MAUS is an extraordinary book. The author-unsparing of himself and his father, the survivor-presents an honest, unsentimental, extremely human account of one man's experience (the author's father) of the holocaust and the effects the experience had on his post-war life, his family, and especially on his son, the author and artist who created this masterpiece. The comic book format allows the author to express the unexpressible.
The book contains humor, tragedy and paradox. It allows the reader to enter into the experience in an intimate way. By going back and forth from the present to the past, we experience the sharp contrast between the incredible freedom and comfort of our modern western lives and the horrific mind-numbing nightmare that became the daily experience of millions of people so very few years ago.(We also see how that "nightmare" continues to pervade the present life of the man who has lived through it.)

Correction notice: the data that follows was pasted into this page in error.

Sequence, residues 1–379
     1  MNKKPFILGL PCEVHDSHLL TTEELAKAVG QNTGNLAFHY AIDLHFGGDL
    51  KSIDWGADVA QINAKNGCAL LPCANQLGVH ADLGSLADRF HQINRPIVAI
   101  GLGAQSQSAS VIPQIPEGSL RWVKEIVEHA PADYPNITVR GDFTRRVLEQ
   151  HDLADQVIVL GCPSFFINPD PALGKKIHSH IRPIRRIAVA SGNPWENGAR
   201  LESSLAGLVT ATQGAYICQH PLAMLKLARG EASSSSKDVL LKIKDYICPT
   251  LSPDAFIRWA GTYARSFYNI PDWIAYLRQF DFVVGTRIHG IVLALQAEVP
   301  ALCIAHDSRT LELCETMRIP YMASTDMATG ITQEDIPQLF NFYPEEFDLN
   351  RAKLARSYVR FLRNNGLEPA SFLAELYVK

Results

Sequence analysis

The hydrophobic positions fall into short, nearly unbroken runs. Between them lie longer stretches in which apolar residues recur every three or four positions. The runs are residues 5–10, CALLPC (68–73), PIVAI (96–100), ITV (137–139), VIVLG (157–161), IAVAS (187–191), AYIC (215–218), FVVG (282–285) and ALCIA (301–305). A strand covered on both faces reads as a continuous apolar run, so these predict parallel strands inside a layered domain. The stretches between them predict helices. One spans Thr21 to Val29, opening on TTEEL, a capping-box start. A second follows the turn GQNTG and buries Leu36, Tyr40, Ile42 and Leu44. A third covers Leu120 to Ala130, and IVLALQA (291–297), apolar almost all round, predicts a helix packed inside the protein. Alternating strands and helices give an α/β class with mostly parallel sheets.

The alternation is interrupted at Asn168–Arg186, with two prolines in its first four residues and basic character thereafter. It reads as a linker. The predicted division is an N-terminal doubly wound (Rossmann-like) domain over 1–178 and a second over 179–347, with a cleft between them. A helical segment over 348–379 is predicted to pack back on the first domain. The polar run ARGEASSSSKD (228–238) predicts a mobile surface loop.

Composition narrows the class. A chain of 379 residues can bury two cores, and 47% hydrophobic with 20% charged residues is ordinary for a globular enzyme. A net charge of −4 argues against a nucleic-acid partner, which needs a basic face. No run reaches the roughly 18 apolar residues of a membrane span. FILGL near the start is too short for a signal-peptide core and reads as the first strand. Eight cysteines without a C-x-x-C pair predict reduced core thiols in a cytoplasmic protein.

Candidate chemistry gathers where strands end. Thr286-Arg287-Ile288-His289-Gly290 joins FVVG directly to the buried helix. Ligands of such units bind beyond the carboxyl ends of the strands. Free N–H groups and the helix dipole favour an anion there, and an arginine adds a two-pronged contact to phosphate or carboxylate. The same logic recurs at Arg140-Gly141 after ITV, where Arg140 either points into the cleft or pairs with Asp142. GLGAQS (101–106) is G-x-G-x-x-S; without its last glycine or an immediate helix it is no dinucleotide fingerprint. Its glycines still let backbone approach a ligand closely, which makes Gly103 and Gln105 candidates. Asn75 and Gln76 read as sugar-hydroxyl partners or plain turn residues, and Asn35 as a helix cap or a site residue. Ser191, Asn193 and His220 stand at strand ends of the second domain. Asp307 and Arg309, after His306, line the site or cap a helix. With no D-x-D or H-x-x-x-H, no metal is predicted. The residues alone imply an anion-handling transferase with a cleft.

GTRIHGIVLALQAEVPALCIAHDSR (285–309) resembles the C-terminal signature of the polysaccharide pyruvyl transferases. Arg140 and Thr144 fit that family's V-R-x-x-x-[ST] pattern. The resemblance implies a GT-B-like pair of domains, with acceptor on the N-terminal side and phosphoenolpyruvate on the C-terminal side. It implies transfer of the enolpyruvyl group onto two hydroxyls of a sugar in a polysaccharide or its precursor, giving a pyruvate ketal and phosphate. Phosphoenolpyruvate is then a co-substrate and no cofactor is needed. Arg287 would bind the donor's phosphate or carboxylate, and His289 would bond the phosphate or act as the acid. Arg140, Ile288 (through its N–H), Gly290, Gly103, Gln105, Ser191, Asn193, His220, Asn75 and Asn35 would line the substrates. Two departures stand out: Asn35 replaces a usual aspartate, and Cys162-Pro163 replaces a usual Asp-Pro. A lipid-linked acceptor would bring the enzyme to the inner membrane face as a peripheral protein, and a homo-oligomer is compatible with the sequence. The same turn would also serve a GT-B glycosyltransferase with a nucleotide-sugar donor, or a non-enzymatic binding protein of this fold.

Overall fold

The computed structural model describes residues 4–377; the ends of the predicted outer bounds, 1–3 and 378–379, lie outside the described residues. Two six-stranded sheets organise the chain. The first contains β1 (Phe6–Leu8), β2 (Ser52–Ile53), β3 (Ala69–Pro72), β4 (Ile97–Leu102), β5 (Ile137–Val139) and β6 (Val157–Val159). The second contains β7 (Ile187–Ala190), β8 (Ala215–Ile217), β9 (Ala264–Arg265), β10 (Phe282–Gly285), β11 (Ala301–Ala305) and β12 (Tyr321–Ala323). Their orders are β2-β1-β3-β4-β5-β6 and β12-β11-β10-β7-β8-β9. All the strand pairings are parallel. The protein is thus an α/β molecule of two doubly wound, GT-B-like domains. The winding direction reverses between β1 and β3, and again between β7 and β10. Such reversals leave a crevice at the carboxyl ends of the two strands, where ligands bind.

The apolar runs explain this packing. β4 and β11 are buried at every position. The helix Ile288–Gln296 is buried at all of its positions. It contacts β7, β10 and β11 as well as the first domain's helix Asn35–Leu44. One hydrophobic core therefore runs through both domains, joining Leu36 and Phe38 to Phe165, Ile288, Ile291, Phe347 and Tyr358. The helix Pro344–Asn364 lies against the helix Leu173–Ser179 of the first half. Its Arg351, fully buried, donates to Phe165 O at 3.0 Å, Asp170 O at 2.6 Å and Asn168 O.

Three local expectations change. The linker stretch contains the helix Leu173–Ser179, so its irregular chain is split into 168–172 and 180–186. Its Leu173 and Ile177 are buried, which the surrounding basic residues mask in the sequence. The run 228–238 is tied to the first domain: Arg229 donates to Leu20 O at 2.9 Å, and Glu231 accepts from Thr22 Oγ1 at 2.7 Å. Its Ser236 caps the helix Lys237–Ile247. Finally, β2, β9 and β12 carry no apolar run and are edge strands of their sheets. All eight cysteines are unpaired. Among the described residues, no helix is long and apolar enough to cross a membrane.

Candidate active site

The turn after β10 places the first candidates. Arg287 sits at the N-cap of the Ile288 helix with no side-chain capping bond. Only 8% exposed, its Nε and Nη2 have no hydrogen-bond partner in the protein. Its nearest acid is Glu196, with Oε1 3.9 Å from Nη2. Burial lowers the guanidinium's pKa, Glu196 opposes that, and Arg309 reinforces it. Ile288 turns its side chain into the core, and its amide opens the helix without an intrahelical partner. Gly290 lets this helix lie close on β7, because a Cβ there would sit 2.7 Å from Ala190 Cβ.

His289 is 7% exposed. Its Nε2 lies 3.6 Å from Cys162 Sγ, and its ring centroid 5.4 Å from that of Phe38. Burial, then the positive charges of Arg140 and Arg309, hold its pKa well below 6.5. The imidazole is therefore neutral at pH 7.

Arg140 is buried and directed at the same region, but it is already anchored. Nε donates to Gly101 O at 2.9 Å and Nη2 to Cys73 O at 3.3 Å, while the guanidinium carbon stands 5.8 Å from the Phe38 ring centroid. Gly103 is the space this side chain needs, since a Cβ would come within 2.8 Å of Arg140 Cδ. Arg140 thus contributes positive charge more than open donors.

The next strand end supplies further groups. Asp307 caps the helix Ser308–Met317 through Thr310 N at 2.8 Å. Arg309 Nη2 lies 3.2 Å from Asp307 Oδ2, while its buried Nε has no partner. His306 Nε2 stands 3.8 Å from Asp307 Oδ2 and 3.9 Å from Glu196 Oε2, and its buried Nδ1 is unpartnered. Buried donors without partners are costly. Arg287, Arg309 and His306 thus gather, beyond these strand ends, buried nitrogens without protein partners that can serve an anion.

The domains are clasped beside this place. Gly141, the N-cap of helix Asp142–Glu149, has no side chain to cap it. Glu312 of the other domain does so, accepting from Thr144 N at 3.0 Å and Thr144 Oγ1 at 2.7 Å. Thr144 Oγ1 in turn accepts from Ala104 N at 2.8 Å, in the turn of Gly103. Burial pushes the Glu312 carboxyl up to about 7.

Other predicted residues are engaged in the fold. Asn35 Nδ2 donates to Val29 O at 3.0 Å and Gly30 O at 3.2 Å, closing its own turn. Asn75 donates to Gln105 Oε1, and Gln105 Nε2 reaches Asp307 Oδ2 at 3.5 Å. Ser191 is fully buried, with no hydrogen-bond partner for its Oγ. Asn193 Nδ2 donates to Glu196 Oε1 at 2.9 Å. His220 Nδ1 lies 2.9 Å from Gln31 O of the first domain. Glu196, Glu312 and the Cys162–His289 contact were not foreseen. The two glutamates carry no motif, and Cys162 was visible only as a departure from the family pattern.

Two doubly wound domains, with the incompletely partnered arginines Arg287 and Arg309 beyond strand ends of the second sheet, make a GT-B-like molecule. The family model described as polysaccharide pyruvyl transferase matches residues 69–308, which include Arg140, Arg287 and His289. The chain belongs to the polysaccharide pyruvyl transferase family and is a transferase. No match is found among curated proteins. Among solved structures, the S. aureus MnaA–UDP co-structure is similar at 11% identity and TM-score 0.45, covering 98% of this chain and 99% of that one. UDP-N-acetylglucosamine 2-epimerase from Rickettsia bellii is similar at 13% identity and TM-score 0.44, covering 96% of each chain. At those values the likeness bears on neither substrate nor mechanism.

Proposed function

MAUS is one man's story. It is clear that Mr. Spiegelman has no personal animosity towards any people or nation. His most difficult relationship, and this adds such a fascinating and human twist to the tale, was with his father!
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47 of 51 people found the following review helpful By A Customer on 22 May 1998
Format: Paperback
If one sign of a great work is that it breeds heated discussions -- Maus and Maus II certainly qualify. (By the way, everyone, the Nazi's were CATS!). Most of the objections I read from other reviewers seem to stem from the fact that this powerful, moving, and disturbing book does not promulgate their particular political agenda. Those of you who take offense should remember that this book is not a political history, but a biography. Even then, we should also note that the primary focus of this work is not the actual atrocities of the Holocaust, but in what came next. Art Spiegleman created this because he was trying to understand how his mother could survive all the horrors of a concentration camp, only to kill herself years later. In the wake of her suicide, Maus reveals itself to be a tale of how Spiegleman survived his mother's act of self-destruction, and in so doing, reveals much about all humans everywhere. (Also, let's never forget one thing, folks: A Comic Book won a Pulitzer Prize!)